Preschool Nutrition

Nutrition in a baby’s early life is so important, so we’ve provided a chart of some foods and even behaviours that can be extremely beneficial to your baby and their development.

The Importance of Vitamin E for Kids

Vitamin E is a fat-soluble vitamin, meaning that it is stored in the body and excreted much more slowly than water-soluble vitamins. Vitamin E is a potent antioxidant that limits the production of free radicals. Free radicals are harmful molecules released into the body as a bi-product of normal metabolism and can damage cells. Vitamin E is important for immunity, the repair of DNA repair and other essential metabolic processes.

How Much Vitamin E Does Your Child Need

It is recommended that from ages 1 to 3 years, your child has 6mg of vitamin E per day and from ages 4 to 8 years they have 7 mg per day. As vitamin E is stored in the body, they don’t have to receive the recommended daily amount of vitamin E every day. Instead, you should aim for them to have that amount as an average over the course of a few days or a week.

Good Sources of Vitamin E

Vitamin E rich foods include fruits, vegetables, nuts and seeds. Below are listed some of the best food sources of vitamin E (please remember that whole nuts and seeds are not suitable for children under five years):

  • 30g roasted almonds: 7mg
  • 30g roasted sunflower seeds: 6mg
  • 1 tablespoon sunflower seed butter: 4mg
  • 1 tablespoon smooth peanut butter: 2mg
  • 30g roasted peanuts: 2mg
  • 1 teaspoon sunflower oil: 1.8mg
  • 1/2 medium kiwi fruit: 1mg
  • 1/4 cup raw mango: 1mg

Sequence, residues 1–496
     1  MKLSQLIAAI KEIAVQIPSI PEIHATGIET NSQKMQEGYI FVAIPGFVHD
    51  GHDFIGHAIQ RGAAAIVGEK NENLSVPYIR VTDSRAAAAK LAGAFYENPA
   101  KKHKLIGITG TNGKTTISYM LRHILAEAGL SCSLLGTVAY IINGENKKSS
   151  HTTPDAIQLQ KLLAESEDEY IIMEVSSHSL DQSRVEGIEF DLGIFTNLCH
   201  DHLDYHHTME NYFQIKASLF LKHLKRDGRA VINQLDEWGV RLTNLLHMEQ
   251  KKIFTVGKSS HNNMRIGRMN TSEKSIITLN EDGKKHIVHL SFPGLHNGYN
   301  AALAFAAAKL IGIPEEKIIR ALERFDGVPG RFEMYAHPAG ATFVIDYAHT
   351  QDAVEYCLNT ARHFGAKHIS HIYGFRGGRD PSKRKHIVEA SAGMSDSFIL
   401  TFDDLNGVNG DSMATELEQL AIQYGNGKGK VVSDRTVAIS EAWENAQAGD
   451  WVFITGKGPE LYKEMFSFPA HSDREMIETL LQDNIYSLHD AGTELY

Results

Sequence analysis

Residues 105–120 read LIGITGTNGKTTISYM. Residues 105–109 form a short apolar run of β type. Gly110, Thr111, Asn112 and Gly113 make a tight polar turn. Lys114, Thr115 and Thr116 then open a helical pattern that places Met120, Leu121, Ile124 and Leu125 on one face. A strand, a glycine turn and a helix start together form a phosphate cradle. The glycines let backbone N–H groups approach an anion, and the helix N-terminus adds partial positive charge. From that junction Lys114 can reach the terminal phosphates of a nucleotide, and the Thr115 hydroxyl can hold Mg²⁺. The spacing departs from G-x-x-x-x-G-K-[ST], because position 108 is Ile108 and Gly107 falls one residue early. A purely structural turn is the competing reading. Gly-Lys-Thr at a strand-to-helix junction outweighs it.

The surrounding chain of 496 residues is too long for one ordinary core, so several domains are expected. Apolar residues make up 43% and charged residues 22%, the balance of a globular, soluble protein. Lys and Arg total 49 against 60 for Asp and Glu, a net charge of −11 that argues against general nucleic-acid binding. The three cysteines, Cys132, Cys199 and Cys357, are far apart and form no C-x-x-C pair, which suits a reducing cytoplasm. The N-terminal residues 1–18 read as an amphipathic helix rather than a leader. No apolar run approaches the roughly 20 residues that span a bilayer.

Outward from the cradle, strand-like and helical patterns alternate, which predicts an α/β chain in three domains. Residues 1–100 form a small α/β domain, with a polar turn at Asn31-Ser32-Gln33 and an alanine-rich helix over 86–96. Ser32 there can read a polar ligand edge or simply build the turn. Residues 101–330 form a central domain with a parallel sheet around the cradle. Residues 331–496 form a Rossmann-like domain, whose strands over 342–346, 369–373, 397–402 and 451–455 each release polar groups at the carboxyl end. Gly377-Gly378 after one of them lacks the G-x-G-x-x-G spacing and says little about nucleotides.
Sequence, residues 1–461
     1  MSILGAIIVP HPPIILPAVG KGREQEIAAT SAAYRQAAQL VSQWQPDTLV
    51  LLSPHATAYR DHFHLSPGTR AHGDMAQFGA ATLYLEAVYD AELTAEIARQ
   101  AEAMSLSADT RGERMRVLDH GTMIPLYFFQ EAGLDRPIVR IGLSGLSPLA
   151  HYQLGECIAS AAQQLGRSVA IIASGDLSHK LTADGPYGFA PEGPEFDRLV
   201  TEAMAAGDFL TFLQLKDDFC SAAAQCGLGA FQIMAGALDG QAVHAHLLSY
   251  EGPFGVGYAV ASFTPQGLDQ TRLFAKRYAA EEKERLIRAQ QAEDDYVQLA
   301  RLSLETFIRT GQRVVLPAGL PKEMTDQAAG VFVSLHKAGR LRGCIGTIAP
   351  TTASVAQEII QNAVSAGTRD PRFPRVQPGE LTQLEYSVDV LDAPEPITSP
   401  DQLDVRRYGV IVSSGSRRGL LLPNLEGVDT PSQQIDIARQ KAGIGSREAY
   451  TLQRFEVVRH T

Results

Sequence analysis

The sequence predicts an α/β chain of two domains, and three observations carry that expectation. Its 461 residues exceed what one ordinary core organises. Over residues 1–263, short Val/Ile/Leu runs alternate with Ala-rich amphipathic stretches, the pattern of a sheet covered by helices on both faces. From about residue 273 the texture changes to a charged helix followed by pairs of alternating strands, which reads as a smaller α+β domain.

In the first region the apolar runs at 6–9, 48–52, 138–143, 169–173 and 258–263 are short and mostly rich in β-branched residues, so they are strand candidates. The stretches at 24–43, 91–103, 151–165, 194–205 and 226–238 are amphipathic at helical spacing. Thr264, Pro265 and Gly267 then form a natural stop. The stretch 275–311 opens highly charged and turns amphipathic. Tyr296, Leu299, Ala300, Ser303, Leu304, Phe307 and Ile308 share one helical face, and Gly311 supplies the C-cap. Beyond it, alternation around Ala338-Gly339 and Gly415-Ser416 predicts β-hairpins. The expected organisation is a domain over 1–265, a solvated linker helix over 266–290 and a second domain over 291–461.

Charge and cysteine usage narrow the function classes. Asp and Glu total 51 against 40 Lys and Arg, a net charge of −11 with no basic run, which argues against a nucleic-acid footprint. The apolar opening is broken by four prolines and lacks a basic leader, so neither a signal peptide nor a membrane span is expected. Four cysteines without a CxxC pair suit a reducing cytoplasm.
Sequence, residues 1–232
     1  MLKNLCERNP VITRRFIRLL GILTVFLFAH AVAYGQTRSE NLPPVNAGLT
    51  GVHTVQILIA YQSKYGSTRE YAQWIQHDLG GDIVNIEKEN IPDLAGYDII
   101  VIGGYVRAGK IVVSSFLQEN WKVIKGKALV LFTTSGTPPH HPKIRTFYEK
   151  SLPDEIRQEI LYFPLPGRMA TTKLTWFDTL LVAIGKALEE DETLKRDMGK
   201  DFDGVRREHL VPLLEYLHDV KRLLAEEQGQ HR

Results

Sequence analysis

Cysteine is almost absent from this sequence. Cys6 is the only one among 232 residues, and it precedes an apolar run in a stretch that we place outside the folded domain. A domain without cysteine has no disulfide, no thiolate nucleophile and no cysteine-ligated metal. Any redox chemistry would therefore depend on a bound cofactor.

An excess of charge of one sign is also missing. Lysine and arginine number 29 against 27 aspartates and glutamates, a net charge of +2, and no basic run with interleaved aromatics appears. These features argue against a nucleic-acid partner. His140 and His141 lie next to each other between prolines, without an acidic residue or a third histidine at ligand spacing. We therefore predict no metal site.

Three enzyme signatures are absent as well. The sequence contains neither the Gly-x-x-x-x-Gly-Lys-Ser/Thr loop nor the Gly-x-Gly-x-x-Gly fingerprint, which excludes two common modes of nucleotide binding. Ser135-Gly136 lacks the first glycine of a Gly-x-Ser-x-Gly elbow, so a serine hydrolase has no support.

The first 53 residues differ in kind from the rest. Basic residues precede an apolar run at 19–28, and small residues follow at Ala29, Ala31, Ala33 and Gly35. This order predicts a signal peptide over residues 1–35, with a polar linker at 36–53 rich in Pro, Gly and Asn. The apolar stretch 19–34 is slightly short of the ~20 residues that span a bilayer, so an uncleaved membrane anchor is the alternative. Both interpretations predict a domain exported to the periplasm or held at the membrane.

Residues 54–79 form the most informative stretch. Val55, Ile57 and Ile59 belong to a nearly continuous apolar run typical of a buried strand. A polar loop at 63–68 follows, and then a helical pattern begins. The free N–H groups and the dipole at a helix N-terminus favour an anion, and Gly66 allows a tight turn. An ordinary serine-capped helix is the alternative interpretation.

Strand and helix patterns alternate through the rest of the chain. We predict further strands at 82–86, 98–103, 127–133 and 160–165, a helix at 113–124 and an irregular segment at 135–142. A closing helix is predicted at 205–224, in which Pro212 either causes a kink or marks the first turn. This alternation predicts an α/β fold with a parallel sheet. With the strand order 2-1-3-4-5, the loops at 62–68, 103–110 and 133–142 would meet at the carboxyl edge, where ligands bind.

• 1/2 cup cooked frozen spinach: 0.8mg
  • 1 teaspoon corn oil: 0.6mg
  • 1/4 cup cooked frozen broccoli: 0 .6mg
  • 1 teaspoon soybean oil: 0.4mg

Children may eat more or less than the serving quantity of each food shown, depending on their age and appetite, so you can estimate the vitamin E content accordingly.

Vitamin E deficiency

Vitamin E deficiency is very rare and almost never caused by a poor diet. It is usually only seen in very low birth weight babies and in individuals with rare disorders of fat metabolism. When it is seen, signs of vitamin E deficiency include neuromuscular problems and impairment of the immune response. It can also cause anaemia as the lack of protective anti-oxidant to mitigate free radicals can lead to damage to red blood cells. Vitamin E is available in supplements from health shops and pharmacies, but you should never give your child any such preparations of vitamins or minerals without specific advice from your doctor.

 Can your child get too much vitamin E?

In very large doses, vitamin E can act as an anticoagulant, which means that it interferes with the normal clotting of the blood and increases the risk of bleeding problems. It is recommended that the maximum amount of vitamin E that a child aged 2-3 years should take should be no more than 200mg per day, with a 4-8 year old not exceeding more than 300mg per day.